Poet, dramatist, critic, and editor, T. S. Eliot was one of the defining figures of twentieth-century poetry. This edition of Collected Poems 1909-1962 includes The Love Song of J. Alfred Prufrock along with Four Quartets, The Waste Land, and several other poems.
Spanning the Elizabethan age to the Restoration and beyond, Metaphysical poetry sought to describe a time of startling progress, scientific discovery, unrivalled exploration and deep religious uncertainty. This compelling collection of the best and most enjoyable poems from the era includes tightly argued lyrics, erotic and libertine considerations of love, divine poems and elegies of lament by such great figures as John Donne, George Herbert, Andrew Marvell and John Milton, alongside pieces from many other less well known but equally fascinating poets of the age, such as Anne Bradstreet, Katherine Philips and Thomas Traherne. Widely varied in theme, all are characterized by their use of startling metaphors, imagery and language to express the uncertainty of an age, and a profound desire for originality that was to prove deeply influential on later poets and in particular poets of the Modernist movement such as T. S. Eliot.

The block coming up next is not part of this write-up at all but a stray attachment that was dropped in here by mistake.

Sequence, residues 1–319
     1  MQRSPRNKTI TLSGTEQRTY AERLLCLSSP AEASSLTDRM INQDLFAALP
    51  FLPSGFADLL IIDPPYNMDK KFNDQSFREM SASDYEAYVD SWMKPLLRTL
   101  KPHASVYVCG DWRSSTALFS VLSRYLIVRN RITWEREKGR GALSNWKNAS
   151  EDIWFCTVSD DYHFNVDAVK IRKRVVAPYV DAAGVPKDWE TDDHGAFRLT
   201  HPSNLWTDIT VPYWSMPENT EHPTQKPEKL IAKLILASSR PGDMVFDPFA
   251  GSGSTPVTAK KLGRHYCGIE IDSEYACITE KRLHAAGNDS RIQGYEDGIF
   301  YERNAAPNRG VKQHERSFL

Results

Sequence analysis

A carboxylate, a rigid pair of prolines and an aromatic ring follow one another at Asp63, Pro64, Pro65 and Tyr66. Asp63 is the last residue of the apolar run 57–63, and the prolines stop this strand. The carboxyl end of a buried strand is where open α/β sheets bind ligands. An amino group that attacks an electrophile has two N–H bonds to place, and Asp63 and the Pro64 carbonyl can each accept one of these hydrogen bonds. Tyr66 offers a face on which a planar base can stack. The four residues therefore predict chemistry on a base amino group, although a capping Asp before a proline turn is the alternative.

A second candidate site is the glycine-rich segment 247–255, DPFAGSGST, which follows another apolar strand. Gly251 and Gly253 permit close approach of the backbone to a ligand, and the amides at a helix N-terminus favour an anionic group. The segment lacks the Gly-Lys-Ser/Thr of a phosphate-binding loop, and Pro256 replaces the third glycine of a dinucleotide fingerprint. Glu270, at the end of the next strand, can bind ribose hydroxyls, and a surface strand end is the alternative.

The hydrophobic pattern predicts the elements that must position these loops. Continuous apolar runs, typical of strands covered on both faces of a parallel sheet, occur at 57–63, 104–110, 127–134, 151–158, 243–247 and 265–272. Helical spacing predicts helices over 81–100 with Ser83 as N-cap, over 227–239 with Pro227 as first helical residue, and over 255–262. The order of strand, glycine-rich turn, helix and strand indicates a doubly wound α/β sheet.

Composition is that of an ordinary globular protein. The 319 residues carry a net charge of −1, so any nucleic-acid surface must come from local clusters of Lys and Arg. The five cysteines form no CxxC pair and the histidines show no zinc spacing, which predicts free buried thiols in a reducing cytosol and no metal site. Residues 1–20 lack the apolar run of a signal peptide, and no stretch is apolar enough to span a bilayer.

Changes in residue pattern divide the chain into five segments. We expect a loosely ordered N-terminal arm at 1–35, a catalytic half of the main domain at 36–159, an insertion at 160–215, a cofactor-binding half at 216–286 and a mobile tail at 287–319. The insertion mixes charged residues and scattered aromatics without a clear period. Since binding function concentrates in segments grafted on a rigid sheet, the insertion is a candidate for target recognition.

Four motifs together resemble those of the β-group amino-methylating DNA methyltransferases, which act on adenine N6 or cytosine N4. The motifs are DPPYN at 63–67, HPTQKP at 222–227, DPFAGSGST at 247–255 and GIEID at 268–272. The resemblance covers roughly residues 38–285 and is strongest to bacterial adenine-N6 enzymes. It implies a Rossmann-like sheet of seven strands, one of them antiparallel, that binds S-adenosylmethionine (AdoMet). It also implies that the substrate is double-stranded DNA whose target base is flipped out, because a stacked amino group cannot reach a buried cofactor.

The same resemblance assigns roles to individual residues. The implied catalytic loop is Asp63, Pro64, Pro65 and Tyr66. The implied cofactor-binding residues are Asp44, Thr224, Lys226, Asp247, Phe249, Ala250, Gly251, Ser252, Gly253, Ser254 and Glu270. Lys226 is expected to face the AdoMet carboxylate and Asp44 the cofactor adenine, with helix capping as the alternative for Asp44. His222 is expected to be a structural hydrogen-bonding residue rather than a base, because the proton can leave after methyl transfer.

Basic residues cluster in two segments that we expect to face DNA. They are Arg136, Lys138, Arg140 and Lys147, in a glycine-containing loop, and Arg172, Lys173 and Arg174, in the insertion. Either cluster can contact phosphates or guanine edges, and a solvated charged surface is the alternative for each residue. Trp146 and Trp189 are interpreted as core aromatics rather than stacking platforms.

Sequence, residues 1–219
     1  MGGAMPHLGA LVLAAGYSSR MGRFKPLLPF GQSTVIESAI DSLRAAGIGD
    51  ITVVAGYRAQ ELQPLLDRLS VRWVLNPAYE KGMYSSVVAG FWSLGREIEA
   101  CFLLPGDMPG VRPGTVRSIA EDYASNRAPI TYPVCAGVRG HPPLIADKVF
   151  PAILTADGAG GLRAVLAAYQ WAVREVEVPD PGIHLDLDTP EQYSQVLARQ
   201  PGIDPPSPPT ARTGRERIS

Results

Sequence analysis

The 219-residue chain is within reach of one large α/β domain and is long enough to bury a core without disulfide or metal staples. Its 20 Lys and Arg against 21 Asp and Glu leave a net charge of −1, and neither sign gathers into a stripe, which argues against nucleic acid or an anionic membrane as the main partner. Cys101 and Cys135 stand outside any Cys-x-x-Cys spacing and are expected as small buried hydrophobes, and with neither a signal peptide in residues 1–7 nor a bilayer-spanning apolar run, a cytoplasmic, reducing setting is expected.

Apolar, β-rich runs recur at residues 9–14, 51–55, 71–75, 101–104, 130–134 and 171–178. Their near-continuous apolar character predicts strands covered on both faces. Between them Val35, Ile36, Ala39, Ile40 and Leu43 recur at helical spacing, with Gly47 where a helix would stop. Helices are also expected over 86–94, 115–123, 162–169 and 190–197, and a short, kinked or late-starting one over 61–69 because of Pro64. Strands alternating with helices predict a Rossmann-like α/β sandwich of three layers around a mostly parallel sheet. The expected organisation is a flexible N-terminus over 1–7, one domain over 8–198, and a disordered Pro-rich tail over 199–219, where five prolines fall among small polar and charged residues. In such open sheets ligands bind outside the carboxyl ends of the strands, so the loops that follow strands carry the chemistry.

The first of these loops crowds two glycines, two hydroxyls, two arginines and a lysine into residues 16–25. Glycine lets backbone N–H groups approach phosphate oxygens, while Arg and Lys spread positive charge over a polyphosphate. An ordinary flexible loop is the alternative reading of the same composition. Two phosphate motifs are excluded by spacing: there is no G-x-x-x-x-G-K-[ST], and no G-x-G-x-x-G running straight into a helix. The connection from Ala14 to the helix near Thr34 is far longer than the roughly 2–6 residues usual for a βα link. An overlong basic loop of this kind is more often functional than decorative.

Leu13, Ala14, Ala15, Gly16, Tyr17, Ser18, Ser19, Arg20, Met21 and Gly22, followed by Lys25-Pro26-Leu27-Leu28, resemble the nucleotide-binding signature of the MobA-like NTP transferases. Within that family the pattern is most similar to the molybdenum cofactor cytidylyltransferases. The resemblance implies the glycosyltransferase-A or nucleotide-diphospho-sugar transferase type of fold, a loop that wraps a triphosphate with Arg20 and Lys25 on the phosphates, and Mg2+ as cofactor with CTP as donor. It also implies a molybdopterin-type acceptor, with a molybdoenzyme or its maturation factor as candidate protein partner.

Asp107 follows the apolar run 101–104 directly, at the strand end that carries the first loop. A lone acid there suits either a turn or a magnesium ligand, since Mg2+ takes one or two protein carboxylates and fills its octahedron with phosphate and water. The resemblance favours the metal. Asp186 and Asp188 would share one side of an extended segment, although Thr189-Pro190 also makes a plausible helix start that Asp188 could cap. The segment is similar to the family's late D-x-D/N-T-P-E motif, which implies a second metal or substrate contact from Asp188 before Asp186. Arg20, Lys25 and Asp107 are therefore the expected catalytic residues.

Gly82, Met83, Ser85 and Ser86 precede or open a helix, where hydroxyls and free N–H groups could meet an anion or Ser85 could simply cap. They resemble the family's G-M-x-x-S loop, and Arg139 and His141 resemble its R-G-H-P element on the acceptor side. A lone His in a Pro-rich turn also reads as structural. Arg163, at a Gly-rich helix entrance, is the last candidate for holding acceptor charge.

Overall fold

In his introduction, Colin Burrow explores the nature of Metaphysical poetry, its development across the seventeenth century and its influence on later poets and includes A Very Short History of Metaphysical Poetry from Donne to Rochester. This edition also includes detailed notes, a chronology and further reading.
Colin Burrow is Reader in Renaissance and Comparative Literature at Gonville and Caius College, Cambridge. He has edited Shakespeare's Sonnets for OUP and The Complete Works of Ben Jonson, and is working on the Elizabethan volume of the Oxford English Literary History.